12th January 2021 – Letter to APPG – follow-up BBRS, HBOS from Chris Parry

Letter to APPG – follow-up BBRS, HBOS from Chris Parry


TO:  Rt. Honourable Kevin Hollinrake MP, Co-Chair of the APPG on Fair Business Banking 

FROM:   Chris Parry-Davies (formerly of The Media Centre group)   13 January 2021


Dear Kevin,

Further to our earlier correspondence, thank you for copying me in on your APPG notice of 5 January 2021 (in turn as per your letter to the FCA).  This has prompted me come back to you with a number of concerns, which I hopefully make as my usual well grounded, reasoned, sensible points.  

Lloyds Impaired Assets Office 

As I and the small group of victims I sometimes speak for are all HBOS IAO victims, the strong statement made by the SMCR complaint to the FCA over Lloyds’ liability evading conduct, even now, is much appreciated.  As you say this covers almost every facet of LBG’s ongoing conduct:-

  1. There are immediate issues with hardship support, ex gratia payments and debt relief etc, particularly in view of the whole process taking so long. 

Here LBG really needs to make a further round of ex-gratia payments. Granted it made such payments in December 2019 but this was on the basis the Foskett Panel would deal with cases in 2020. The pandemic has caused some delay but in reality this has had far more to with LBG continuing to limit eligibility and contrive to manipulated definitions and remits (as per 2 & 3).  Indeed, in many cases the delay and pandemic have compounded each other (for example, taking time out to prepare cases having then reduced pandemic self-employment support).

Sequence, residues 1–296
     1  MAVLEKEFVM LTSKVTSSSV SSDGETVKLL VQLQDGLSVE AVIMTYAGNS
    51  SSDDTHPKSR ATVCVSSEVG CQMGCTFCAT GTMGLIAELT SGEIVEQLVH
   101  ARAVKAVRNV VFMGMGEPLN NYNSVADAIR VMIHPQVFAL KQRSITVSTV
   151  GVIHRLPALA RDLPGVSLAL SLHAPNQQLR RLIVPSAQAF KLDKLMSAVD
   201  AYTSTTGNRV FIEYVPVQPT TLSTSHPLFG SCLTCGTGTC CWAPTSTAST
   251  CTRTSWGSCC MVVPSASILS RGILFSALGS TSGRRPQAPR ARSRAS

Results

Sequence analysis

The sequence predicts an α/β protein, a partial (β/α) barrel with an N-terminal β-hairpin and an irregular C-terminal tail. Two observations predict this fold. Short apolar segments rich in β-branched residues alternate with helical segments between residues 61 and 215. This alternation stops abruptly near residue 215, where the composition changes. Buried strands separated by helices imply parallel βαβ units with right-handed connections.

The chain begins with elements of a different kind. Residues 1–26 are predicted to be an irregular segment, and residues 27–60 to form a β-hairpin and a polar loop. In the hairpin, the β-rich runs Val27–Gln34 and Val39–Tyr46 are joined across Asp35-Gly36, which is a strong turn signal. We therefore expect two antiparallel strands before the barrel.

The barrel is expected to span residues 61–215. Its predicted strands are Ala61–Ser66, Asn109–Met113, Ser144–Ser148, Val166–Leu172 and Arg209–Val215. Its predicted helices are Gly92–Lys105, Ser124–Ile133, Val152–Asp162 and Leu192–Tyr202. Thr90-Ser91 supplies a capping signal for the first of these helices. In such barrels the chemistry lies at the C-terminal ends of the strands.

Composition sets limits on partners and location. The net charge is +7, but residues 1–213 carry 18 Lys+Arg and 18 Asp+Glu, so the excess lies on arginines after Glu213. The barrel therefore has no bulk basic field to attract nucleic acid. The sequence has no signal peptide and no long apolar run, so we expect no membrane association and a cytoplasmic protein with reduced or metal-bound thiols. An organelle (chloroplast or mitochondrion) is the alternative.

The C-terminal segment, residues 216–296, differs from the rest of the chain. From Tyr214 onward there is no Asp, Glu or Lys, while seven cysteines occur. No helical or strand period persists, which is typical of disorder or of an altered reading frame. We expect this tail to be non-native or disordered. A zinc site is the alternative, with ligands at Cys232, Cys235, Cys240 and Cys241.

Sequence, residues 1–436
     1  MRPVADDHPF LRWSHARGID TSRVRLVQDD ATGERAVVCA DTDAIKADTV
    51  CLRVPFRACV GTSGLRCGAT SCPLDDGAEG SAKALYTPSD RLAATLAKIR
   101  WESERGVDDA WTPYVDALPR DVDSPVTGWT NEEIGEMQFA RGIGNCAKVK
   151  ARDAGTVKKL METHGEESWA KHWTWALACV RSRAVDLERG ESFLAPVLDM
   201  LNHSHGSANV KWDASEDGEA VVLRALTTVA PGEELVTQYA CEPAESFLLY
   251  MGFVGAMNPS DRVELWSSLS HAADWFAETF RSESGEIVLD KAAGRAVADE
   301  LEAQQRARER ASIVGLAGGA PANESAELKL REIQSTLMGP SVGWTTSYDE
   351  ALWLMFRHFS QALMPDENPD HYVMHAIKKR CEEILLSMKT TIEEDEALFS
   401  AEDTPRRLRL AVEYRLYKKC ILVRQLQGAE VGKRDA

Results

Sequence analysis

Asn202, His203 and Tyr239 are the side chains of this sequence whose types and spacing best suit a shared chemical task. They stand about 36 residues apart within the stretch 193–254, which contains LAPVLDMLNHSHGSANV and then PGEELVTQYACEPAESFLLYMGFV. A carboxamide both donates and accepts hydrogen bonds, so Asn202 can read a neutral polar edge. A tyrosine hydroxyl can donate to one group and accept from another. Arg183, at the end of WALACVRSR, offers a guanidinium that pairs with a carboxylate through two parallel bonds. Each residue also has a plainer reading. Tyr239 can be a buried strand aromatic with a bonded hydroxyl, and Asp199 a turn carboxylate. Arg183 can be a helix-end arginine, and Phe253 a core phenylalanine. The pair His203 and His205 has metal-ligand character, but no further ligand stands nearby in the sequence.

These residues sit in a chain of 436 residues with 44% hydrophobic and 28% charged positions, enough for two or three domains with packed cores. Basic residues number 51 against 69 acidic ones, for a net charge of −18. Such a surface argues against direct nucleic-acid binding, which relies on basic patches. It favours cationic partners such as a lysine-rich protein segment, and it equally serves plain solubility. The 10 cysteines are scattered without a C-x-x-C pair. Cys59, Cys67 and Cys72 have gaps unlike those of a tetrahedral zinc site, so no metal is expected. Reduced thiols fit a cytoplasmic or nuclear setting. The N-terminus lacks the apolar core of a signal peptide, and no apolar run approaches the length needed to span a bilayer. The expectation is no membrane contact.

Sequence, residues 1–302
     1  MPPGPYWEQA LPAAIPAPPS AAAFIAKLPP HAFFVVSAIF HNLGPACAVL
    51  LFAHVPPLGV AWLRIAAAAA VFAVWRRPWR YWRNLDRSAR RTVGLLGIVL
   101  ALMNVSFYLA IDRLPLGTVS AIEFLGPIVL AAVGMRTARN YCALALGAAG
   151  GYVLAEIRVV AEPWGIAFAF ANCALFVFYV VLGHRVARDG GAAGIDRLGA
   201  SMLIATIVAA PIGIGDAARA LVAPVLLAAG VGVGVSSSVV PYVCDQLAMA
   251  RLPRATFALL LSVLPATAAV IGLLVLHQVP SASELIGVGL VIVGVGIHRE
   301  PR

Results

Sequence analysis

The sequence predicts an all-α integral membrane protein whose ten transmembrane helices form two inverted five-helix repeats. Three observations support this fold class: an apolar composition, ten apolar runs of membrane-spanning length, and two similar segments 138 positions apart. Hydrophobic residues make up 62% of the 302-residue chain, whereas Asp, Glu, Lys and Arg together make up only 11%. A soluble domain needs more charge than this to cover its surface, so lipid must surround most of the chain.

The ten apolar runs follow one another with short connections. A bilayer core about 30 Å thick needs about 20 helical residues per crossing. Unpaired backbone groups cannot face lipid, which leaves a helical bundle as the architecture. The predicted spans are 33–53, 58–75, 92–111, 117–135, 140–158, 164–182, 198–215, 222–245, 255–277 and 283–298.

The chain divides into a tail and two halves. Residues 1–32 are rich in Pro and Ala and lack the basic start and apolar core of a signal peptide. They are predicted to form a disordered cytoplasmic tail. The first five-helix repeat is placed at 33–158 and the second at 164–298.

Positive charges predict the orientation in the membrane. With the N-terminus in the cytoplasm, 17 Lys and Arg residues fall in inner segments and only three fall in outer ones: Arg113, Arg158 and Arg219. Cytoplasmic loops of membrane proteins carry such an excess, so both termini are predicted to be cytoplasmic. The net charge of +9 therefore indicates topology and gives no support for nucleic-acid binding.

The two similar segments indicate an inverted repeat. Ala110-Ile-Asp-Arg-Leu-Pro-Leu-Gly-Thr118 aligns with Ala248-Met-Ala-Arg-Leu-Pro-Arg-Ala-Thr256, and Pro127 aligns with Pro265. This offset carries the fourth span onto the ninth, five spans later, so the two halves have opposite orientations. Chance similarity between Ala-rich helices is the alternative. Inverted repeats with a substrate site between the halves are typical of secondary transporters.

As such, while obviously urging the APPG to champion it, I’d also welcome any advice on how we press for this. 

  1. LBG continues to restrict eligibility, definitions and remits to evade legitimate claims and liability. Just as with the HBOS IAR Review (and Griggs’ review of it), the Cranston Review and the Dobbs Review, LBG is currently boxing in the Foskett Panel with the remit and definition of IAO Fraud. 

Here, while fully agreeing the Foskett Panel now has the procedural tools it needs, it is still being prejudicially constrained by the definitions and remit which have been dictated by LBG to deliberately restrict eligibility and limit its liability regardless of the strength and truth of the allegations. 

It would certainly help here if the APPG could, make the Foskett Panel fully aware of LBG’s long history of definitional and remit contrivance over these abuses and, secondly, press the Panel, as its being urged to do, to take the requirements to provide ‘fair, proper and generous’ review and redress as overriding such definitional constrictions.

  1. This in turn reflects LBG continuing with the ongoing wider evasion of liability first initiated by HBOS by boxing in and reductively reducing everything to just the frauds by those convicted (indeed just QCS) at just the Reading office (with it only the Cranston Review adding back Bishopsgate) and nothing to do with anyone else at the IAO, let alone BOS – where the record shows all this is simply contrivance and manoeuvring from beginning to end.